“If you tap to get on a bus, for example, and there's a connection that [allows it to] go online, when the bus is on its route, it will start sending those records up to their backend system for authorization and access,” said Starai. “But if the bus doesn't have a modem or a cellular connection, when it docks at the end of its route, you plug it in, and then it downloads all the records. So there will be some interesting challenges with internet connectivity on these buses going around. And of course if you're using a city card or putting cash in, you don't have [to think about that].”
Cash is also worth mentioning here. People who rely heavily on cash may not be as willing to switch payment methods. But this may just be a case of making the contactless form of pay more appealing in terms of budgeting.
“I think what you'll see is the value proposition of being able to tap to ride will just increasingly drive more consumers to find a low cost solution for how they can move away from cash to really manage their budget on a digital form factor,” said Sanford.
Finally, there’s the matter of budgeting on the transit side of things. With the decrease in ridership that came with the increase of working from home, the public transportation industry took a big hit during the pandemic. Now, companies are trying to calculate the best step forward. Contactless is not costless.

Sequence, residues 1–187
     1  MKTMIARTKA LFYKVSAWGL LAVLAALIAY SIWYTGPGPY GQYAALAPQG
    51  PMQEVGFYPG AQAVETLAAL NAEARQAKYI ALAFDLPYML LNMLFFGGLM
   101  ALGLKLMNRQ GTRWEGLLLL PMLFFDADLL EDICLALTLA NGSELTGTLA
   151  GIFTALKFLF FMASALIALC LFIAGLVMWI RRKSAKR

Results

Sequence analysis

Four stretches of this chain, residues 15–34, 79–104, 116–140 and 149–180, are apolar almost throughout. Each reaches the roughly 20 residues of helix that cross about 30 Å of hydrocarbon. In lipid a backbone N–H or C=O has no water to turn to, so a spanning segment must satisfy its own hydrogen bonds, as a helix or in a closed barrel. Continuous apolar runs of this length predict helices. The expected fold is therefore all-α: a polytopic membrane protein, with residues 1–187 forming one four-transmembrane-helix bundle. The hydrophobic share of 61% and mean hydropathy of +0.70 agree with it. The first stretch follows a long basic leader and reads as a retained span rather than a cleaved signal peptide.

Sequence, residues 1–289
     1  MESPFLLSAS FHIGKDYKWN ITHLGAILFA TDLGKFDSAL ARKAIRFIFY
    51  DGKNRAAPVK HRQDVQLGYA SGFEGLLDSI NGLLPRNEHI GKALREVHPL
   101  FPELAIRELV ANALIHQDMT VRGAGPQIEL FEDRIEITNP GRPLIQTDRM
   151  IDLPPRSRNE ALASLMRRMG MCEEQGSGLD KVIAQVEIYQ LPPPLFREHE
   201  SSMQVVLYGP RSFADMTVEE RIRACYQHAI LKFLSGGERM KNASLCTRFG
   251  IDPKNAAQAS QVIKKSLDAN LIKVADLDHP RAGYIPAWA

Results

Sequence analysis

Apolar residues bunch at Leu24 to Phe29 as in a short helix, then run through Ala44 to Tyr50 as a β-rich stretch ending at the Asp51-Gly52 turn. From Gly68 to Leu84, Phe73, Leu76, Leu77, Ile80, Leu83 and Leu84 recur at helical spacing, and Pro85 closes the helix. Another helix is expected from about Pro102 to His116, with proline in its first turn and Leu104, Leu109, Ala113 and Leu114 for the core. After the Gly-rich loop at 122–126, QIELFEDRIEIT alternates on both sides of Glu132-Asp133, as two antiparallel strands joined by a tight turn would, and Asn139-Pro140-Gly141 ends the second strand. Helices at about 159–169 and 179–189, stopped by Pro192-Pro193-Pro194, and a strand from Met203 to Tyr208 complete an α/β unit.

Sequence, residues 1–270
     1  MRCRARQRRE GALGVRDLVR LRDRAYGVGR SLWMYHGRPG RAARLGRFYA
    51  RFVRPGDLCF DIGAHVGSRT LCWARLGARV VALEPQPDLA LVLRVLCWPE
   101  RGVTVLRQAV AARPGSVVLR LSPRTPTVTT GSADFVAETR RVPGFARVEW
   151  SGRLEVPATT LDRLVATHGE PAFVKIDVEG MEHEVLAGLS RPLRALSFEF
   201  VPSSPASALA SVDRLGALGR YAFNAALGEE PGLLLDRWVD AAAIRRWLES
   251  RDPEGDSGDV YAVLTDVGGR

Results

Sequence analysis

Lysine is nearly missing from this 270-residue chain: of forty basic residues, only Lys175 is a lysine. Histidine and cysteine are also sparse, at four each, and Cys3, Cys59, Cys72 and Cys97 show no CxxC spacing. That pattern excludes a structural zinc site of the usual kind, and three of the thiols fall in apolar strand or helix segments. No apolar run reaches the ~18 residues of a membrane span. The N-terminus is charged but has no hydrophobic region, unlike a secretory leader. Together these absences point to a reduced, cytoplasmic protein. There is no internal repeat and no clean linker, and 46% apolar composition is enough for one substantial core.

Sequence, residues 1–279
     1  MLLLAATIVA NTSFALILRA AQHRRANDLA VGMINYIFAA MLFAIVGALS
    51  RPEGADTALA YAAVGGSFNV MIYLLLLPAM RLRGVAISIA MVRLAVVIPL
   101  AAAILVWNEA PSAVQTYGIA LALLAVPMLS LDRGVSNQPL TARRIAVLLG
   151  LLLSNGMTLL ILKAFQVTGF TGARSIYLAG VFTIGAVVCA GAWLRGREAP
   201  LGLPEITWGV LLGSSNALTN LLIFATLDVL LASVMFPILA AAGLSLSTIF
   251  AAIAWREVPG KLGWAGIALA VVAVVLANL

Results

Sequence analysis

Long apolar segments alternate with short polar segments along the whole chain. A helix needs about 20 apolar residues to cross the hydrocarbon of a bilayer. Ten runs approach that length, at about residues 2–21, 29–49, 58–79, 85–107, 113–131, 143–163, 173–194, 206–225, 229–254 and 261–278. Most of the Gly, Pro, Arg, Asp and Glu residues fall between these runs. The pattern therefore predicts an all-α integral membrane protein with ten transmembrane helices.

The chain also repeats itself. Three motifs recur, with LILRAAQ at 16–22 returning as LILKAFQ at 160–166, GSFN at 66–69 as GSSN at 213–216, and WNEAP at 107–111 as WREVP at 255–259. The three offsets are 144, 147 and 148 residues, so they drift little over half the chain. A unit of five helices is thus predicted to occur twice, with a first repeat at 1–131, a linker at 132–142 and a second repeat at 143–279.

“The transit segment was hit as hard as any segment from the global pandemic as everybody started sheltering in place and working from home,” said Visa’s Sanford. “So I think there's just a lot of uncertainty right now when it comes to when ridership will come back and what budget they have, how they're dealing with deficits from the pandemic, whether or not they're getting support from state, federal, local governments to help with their budget rules.”
For now though ridership through open loop payment seems to be rising and that’s not likely to go away any time soon.
“At the New York MTA subway, in terms of rides, we saw over 31 million taps since we launched that program about a year and a half ago, and we've been hitting all time highs every single month recently,” said Sanford. “To be determined, but I think consumers by and large rely on public transit in so many of the areas where we launched open payments. And I don't see that going away.”
Public transportation may be the stepping stone contactless needs to spread into other habits. As public transportation becomes once again an integral part of people’s day-to-day routine, it can make the act of tapping instead of swiping feel much more natural.
“If you ride the bus twice a day, or three times a day, five days a week, and you're always tapping to get on the bus, then you're more likely to tap at the gas station or tap at Nordstrom, or tap wherever you're going to pay,” said NMI’s Starai. “[For now], a lot of consumers are still not really familiar with that behavior of tapping. So we think that the transit, which generally has a large swath of major metro areas, is a good influencer on these behaviors and could help roll out contactless market wide.”